Too few young people resident in Wakefield District chose to progress into HE, even though they are qualified to do so, and there is a good chance that this would improve their life chances. Wakefield College recognises its role in addressing this, and this is reflected in our HE strategy, involvement in NCOP etc.
This article features two initiatives, a revised tutorial plan for students on Advanced vocational 16-18 study programmes, and a Go Higher Rewards Scheme.
In 2016-17, 46% of students completing these study programmes progressed onto a Higher Education programme in the following year. This increased by 8% in 2017-18, and the HE participation target for this cohort of students in 2018-19 is 64%. The tutorial plan is seen as a key driver to support this, and includes a range of HE engagement activities spread across the two years of study. Whilst some activities in the plan have been delivered for many years, e.g. the College HE Fair, the revised plan seeks to provide a logical framework for HE progression consistently to the whole cohort regardless of which curriculum area the students are enrolled to, and places equal value on external and internal progression.
The main activities are as follows:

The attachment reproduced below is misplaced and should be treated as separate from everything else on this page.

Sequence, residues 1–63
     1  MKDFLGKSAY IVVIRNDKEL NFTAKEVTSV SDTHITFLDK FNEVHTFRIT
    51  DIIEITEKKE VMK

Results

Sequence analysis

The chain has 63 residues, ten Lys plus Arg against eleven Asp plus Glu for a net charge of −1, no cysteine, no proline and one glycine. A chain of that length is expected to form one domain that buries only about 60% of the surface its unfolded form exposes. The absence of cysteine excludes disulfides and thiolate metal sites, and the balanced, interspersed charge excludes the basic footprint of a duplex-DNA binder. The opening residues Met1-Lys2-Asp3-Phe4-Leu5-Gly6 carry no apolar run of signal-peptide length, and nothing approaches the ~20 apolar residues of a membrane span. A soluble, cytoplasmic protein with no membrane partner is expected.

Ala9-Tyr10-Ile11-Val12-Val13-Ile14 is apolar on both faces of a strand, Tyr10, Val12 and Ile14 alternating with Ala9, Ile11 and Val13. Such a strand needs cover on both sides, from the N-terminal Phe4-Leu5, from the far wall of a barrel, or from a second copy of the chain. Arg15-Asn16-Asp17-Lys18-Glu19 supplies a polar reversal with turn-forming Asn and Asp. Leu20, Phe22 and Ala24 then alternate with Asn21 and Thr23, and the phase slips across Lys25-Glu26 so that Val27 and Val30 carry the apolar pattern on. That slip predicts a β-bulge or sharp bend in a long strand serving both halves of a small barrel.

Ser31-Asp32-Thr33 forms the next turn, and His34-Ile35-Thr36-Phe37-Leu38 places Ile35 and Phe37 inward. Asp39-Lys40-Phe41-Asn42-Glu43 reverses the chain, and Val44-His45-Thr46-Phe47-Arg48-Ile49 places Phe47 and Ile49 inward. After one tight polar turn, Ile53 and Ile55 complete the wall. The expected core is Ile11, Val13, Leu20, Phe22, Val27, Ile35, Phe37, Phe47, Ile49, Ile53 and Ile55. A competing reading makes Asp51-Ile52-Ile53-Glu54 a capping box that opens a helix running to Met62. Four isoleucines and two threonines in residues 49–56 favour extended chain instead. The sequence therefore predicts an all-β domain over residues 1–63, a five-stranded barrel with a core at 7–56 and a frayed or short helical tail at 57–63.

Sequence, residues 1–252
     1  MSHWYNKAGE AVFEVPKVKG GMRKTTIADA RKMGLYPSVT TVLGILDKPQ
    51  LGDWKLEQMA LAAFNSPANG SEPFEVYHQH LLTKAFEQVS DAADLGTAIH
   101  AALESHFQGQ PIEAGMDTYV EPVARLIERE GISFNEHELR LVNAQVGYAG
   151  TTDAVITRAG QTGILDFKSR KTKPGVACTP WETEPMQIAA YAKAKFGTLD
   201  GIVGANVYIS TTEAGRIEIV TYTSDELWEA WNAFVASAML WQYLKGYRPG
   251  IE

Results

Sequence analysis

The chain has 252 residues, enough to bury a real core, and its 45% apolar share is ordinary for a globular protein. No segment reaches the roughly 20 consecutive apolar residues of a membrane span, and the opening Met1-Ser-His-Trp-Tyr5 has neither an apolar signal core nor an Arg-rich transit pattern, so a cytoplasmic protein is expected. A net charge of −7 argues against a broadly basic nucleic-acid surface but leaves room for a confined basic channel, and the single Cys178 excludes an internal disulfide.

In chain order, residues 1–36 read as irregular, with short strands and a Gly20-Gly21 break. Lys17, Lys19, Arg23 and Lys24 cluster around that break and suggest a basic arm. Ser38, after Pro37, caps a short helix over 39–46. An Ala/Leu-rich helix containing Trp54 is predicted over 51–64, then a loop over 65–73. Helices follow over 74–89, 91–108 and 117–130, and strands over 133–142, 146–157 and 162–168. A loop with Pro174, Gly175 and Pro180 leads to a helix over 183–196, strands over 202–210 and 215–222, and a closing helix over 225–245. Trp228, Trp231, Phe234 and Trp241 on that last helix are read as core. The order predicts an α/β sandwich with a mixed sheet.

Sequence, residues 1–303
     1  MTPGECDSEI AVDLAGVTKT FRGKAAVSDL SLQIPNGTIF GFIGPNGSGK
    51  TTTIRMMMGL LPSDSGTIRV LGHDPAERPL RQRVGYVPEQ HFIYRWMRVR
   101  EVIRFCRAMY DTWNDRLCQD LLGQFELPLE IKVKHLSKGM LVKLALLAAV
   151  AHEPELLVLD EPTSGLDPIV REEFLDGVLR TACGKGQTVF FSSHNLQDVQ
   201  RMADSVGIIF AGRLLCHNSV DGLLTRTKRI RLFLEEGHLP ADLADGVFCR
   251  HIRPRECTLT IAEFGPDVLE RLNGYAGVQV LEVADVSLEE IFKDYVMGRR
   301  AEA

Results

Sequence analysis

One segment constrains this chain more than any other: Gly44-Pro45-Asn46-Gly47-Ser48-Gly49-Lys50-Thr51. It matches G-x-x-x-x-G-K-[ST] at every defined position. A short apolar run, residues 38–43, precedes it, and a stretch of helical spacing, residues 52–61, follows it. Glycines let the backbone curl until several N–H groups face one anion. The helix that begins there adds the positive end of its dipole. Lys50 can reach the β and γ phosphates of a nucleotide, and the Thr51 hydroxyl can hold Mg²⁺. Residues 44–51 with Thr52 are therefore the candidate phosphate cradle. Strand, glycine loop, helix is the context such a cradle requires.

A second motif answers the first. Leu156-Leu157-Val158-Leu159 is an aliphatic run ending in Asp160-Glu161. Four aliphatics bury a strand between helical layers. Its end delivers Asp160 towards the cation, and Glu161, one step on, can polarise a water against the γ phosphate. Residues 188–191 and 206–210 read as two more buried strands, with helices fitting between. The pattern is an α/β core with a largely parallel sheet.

The Go Higher Reward Scheme is an additional bursary which students who progress internally onto full-time programmes in the University Centre are eligible for. The scheme recognises the financial pressures faced by students in the University Centre, where 70% of the cohort are resident in POLAR4 Q1 and Q2 areas, and the negative impact of unconditional offers made by some regional universities. The scheme consists of three components (pass, prepare and progress) and is worth £600 to a student who meets all the criteria. Eligible students are rewarded for passing their main programme of study, with a bonus for achieving above their target grade, and for preparing to study in HE e.g. by passing the Go Higher Project.
It is too early to assess the impact of these initiatives, however the activity evaluations have consistently shown that students say they are more likely to progress into HE after the activity than they were before.
Tony Rex, Director of Higher Education Development, Wakefield College